If you’re yet to listen to Philip La Rosa, first of all, where have you been? The Fremantle-based artist has built a small empire within Western Australia and has incrementally been releasing singles over the past couple years – a journey that has been long, but fruitful!
Like any piece of visual art, the story is up for interpretation. “Baggage” is a mental health anthem, and there has been no better time for it. Orchestrated during Western Australia’s semi-lockdown, the state of the world globally has rested on many shoulders, and true to form for any artist, Philip La Rosa has channelled his creative instincts into a positive outlet which all viewers can relate to.
“It all started with a super emotional catchup with someone who I now call my best friend. It was the first time we had caught up properly, and I found myself being completely honest and laying all my past traumas on the table – I had nothing to hide, and it felt awesome. I got quite emotional and ended up breaking down in front of someone who was considered a complete stranger at the time … it was the power of vulnerability, and was so rewarding … then writing began.”Philip La Rosa, on the concept behind “Baggage”.
The Independent Press Co sat down with Philip La Rosa and teased a few insights of the music video from the local artist.
What was the creative process behind “Baggage”?
“Everything just kind of happened organically. I listened back to the voice memo I recorded the first time the idea came to my mind, it’s crazy how much the song evolved since my finger first hit the piano key. I went into the studio with a verse and a chorus and developed the rest of the song with The Banton Brothers over in Sydney. The writing and recording session went over 2 days… with a whole lot of tears! I poured my heart into this song. If you listen carefully throughout the song, the producers left some of my outtakes in – sighs, trembling voice, sniffs… it’s all there.
Every part of this journey is in that song. A mixture of sad and happy tears as I reflected on the past traumas that got me to where I am today. Even that intro you hear. It wasn’t something I had written into the song from the start, we were discussing the meaning behind the lyric “no need to hide behind open doors” and as soon as we heard it out loud, we had to include it. It was the last thing we added before leaving the studio.
The idea of the music video was me wanting something simple and symbolic. When the idea was hatched, it was for the cover art of the song, then I started thinking how it could work as a music video. Enter Angelo Di-Benedetto. I pitched my cover idea for the song and said I wanted it to flow with the music video. Then he put his hand up to shoot the music video too. He made it look the way it looks, the lighting, the wrap, the amazing shots. He is a visual genius. The night I got home, I edited a tiny bit of the music video to Angelo, who then gave me free reign to edit the whole thing with his footage and special effects.”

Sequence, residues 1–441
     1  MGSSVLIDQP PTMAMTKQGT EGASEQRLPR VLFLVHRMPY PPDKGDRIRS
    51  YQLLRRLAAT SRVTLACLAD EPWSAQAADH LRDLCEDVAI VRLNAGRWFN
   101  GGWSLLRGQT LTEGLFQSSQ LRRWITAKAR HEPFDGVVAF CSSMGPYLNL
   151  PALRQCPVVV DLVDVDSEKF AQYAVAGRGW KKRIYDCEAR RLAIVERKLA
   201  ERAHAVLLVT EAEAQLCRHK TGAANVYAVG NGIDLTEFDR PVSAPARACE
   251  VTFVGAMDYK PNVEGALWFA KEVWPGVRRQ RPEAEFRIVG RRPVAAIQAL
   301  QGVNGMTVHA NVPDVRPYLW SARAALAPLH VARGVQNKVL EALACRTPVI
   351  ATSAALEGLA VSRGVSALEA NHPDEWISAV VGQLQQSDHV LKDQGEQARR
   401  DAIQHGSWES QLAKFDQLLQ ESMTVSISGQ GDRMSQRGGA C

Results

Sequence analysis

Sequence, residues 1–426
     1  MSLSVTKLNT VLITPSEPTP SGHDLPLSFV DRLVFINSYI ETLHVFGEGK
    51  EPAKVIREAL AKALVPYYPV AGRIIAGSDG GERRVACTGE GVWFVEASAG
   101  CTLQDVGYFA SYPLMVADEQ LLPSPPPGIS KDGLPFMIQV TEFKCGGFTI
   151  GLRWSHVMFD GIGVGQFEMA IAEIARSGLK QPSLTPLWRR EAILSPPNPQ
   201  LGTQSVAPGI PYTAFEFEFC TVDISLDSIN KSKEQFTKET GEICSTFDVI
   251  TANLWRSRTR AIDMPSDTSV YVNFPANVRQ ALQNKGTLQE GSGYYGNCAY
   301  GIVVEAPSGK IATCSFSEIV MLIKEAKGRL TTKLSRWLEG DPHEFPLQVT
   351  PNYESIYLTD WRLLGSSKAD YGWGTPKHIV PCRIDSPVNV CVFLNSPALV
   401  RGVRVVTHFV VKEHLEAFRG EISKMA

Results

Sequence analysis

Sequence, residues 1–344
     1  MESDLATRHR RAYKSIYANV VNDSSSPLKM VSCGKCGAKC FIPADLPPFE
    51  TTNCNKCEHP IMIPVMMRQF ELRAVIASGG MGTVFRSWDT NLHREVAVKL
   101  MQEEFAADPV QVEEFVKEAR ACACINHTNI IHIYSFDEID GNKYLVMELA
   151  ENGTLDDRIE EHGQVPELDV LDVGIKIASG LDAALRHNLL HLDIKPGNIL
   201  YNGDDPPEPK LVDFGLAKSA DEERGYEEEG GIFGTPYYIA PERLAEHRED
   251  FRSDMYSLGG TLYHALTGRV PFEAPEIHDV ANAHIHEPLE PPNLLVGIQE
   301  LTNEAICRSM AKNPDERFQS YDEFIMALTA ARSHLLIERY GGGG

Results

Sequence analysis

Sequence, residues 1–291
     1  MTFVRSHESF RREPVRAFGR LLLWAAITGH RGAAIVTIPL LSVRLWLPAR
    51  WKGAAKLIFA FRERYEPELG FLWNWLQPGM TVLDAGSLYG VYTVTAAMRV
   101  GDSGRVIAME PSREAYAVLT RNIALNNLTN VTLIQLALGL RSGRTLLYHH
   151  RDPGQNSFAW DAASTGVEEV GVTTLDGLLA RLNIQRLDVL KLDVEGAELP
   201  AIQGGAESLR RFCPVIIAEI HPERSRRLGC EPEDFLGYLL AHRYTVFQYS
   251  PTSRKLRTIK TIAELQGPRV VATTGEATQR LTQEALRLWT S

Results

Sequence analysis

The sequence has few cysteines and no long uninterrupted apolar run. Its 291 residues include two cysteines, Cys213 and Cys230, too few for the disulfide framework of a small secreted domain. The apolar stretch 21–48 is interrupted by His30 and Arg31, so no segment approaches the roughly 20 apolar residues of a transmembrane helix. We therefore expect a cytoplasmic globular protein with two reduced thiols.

What has been the best part of making “Baggage”?
“Honestly, it is so hard to say. The two days in the studio with the Banton Brothers was epic and super rewarding! Recoding the music video was also an amazing day – so much love in the room with our small crew. I love being hands on, so the fact that Angelo let me edit my own music video was amazing! Ugh, I can’t decide!”
What can we expect to see from Philip La Rosa in the near future (an ep, perhaps)?
“There is an LP coming … but as a typical creative, with no pressures of a record label, I feel like I’ll be fine tuning and tweaking forward, it’s hard to know when to stop working on a song and to just release it. But I do have a few more singles up my sleeve for 2020!”
Lighting and editing are the strongest components of this video’s technical ingenuity; combining deep pink and cold blues in a neon aesthetic, parried with YouTube-style cutting, really draw the viewer into the song’s message. Visually eclectic is the use of clear wrapping that encases La Rosa in montage moments, with graphics and iconography that symbolise “baggage” and “fragile handling”. It also alludes to pressures, expectations, and responsibilities which have wrapped him up – and his pilgrimage in tearing away from them, to become “free moving” in the darkness.
“Baggage” is a strong message, and allegory, and a piece of artwork all wrapped up for your viewing pleasure. Be sure to check out the music video, stream the song across all major platforms, and give La Rosa some love on Facebook and Instagram.
by JOSHUA HALL HAINES
Editor-in-Chief of the Independent Press Co.